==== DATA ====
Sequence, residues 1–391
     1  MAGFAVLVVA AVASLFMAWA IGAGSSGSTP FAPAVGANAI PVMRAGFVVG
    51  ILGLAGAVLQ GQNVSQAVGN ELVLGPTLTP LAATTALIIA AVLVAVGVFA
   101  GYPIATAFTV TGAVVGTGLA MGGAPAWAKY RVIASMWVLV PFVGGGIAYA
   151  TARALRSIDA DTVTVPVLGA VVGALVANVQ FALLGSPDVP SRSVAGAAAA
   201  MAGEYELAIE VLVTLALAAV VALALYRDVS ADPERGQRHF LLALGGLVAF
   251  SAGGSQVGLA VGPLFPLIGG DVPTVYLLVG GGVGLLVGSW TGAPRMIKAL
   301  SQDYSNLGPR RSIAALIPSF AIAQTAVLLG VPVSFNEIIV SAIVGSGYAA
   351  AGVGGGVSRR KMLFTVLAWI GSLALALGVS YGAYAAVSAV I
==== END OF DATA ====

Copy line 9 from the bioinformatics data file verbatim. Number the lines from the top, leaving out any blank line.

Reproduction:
   351  AGVGGGVSRR KMLFTVLAWI GSLALALGVS YGAYAAVSAV I